Progress payments lead to profit realisation

The finance ministry has decreed that architects, engineers and construction contractors shall realise their profits in accordance with the agreed progress payments reflecting the degree of contract completion.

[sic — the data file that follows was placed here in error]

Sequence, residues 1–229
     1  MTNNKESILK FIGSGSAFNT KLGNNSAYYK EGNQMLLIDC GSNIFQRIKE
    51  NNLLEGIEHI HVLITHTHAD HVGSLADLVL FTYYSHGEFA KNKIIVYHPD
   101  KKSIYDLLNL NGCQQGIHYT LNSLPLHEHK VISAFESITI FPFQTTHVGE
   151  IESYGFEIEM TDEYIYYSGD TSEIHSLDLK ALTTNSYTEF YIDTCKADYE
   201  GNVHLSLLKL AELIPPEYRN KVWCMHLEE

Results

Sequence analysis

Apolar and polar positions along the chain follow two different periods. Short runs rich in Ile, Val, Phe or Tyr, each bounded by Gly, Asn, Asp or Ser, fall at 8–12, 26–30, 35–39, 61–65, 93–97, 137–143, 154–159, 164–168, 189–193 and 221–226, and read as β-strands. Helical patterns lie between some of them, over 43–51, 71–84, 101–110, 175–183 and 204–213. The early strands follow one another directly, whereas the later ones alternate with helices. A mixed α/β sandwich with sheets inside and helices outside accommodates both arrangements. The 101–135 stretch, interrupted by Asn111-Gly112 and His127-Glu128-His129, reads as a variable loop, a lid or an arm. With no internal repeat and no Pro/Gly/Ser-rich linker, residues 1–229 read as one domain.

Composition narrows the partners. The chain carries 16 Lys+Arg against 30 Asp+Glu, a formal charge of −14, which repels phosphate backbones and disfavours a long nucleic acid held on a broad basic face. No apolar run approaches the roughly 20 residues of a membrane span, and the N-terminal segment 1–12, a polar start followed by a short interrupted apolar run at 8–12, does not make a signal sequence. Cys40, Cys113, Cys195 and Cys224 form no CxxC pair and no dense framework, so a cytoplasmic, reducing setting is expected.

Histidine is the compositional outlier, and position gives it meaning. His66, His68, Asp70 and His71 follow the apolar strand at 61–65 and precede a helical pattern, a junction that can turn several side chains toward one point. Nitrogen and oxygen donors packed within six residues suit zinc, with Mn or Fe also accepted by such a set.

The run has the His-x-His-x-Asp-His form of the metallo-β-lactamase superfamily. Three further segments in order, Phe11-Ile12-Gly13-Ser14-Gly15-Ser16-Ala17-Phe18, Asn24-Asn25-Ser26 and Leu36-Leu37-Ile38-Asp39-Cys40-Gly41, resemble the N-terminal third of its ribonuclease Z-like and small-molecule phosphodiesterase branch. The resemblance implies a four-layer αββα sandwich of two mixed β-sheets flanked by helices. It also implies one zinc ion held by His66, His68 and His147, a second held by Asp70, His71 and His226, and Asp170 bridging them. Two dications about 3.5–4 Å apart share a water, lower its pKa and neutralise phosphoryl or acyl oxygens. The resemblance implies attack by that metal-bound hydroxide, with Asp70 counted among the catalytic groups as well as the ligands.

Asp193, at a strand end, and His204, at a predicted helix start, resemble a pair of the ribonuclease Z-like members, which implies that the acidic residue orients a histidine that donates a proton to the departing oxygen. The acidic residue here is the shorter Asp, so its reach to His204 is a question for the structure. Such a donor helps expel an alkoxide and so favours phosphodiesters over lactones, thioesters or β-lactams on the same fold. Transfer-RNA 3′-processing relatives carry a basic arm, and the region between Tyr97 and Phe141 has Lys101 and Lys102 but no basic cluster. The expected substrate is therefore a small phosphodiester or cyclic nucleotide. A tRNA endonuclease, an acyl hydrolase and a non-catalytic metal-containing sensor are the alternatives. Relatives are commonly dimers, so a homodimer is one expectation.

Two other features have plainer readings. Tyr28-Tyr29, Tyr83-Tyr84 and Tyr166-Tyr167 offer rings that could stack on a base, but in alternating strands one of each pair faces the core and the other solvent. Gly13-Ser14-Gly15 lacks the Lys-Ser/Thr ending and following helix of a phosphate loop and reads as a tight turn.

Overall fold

Traditionally, it has been considered acceptable for tax purposes to delay profit recognition on long-term contracts in the construction and similar industries until final completion of the contract. This view was overturned in 2014 by a Supreme Tax Court decision holding that an engineer working on a long-term design project should recognise profits by degree of contract completion as measured by his entitlement to progress payments. Architects and engineers are entitled to agree on progress payments when working as consultants, provided the due dates reflect actual and measurable contract progress.  The finance ministry has now endorsed this judgment in a decree calling for general application of the judgment to all cases of progress payments based on degree of contract completion. Architects and engineers on long-term consultancy, design or planning projects and building and similar contractors are those primarily affected. However, recognising that this advancement of profit recognition might lead to serious hardship in the year of change, the ministry has allowed taxpayers to split the additional profit realised over two or three equal annual instalments. The change is to be effected in the first business year beginning on or after December 24, 2014. The decree draws an explicit distinction between progress payments and  payments in advance, as the latter do not lead to profit realisation.

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